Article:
Now, you’ve likely realized that you take reading for granted. It’s like being able to breathe, to see, to hear. You don’t think about it. You just do it. It’s easy, right?

Not for a large section of people. Well over 40% of Canadians deal with some level of illiteracy.

Imagine if you had to concentrate, to really have to focus on breathing.

And if you feel anything for those that deal with this, I’ll ask you to please consider donating to the cause. You can do that here. Don’t think there’s an amount that’s too small. If you donate, I’m happy, no matter what the amount.

And if you can’t donate at this time, I understand. Each of us has our own causes that are near and dear to us. There’s so many things broken in this world and there’s only so much money to go around. But even if you don’t donate, I appreciate you taking the time to read this far. And if you did read this far, appreciate the gift that someone else gave you.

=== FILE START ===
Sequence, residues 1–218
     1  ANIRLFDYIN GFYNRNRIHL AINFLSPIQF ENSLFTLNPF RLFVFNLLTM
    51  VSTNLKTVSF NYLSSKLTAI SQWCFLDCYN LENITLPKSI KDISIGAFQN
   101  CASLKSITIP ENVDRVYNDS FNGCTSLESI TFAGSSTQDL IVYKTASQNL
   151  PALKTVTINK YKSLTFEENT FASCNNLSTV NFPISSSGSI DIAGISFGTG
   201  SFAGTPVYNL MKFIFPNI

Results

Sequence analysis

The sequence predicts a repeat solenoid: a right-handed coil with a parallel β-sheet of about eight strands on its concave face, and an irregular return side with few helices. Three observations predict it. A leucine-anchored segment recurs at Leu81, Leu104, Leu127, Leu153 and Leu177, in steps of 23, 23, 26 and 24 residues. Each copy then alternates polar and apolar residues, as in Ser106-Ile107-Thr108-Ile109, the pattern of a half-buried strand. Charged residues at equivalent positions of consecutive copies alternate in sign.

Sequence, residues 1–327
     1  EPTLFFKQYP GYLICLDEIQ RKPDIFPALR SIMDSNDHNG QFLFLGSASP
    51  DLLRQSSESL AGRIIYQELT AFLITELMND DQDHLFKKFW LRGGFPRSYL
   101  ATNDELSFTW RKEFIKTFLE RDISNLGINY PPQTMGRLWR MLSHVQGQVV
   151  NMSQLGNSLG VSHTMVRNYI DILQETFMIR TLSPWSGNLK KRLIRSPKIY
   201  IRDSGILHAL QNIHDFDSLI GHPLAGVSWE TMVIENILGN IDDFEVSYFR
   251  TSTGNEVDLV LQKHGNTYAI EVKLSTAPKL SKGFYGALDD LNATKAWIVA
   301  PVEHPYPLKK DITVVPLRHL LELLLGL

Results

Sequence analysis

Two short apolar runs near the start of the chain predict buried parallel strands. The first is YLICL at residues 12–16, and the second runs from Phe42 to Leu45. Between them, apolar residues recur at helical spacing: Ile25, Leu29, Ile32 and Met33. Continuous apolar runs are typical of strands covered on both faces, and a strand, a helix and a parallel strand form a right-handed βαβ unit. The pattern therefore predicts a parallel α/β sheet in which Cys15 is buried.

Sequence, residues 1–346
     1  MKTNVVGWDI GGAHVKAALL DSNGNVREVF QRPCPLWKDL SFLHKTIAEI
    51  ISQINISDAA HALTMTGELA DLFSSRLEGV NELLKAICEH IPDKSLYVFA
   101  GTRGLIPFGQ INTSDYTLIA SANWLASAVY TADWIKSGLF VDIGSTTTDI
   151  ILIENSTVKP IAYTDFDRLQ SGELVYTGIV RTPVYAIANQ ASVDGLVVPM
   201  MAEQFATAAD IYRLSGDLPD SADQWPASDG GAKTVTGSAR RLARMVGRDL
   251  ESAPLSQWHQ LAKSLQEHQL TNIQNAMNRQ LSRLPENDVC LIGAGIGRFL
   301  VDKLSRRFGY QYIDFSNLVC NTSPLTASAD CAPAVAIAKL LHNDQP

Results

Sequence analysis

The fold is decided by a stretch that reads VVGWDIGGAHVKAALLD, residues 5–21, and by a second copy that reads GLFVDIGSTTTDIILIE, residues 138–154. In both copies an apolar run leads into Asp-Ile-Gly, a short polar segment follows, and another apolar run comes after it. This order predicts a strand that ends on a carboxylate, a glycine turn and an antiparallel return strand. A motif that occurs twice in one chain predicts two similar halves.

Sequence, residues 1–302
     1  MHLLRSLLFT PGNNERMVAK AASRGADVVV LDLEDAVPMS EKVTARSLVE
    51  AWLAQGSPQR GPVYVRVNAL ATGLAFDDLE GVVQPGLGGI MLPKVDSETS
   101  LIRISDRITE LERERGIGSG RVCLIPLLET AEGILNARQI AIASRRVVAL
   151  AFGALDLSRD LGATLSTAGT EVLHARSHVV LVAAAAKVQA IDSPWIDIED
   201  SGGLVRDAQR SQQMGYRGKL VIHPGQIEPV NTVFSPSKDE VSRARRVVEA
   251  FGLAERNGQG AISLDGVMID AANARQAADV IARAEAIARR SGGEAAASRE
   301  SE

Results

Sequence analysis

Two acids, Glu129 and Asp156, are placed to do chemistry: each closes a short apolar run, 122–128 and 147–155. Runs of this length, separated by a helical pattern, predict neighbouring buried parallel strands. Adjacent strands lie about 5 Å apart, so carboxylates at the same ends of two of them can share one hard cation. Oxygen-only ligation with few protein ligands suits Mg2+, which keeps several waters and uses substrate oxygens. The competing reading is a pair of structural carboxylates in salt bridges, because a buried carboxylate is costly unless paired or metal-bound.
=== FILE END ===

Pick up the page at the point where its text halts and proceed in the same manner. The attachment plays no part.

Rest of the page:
Because reading is a gift.


Donate to Tobin here.

Find out more about the Muskoka Novel Marathon here.

Find out more about how the Literacy programs helped one person to write here.

Read my previous blogs about this here (2015), here (2013), and here (2012).

Are you reading me?

The more you read, the more things you will know. The more that you learn, the more places you’ll go.

– Dr. Seuss, I Can Read With My Eyes Shut!

I am roughly ten weeks away from participating in my fourth Muskoka Novel Marathon. For those that don’t know, no this is not a marathon in which I run. Instead, I sit on my butt for as much of the 72 hours my butt can handle, and I write.

What am I doing? I’m trying to write as much of a novel as I can. I usually do somewhere between 150 and 250 pages.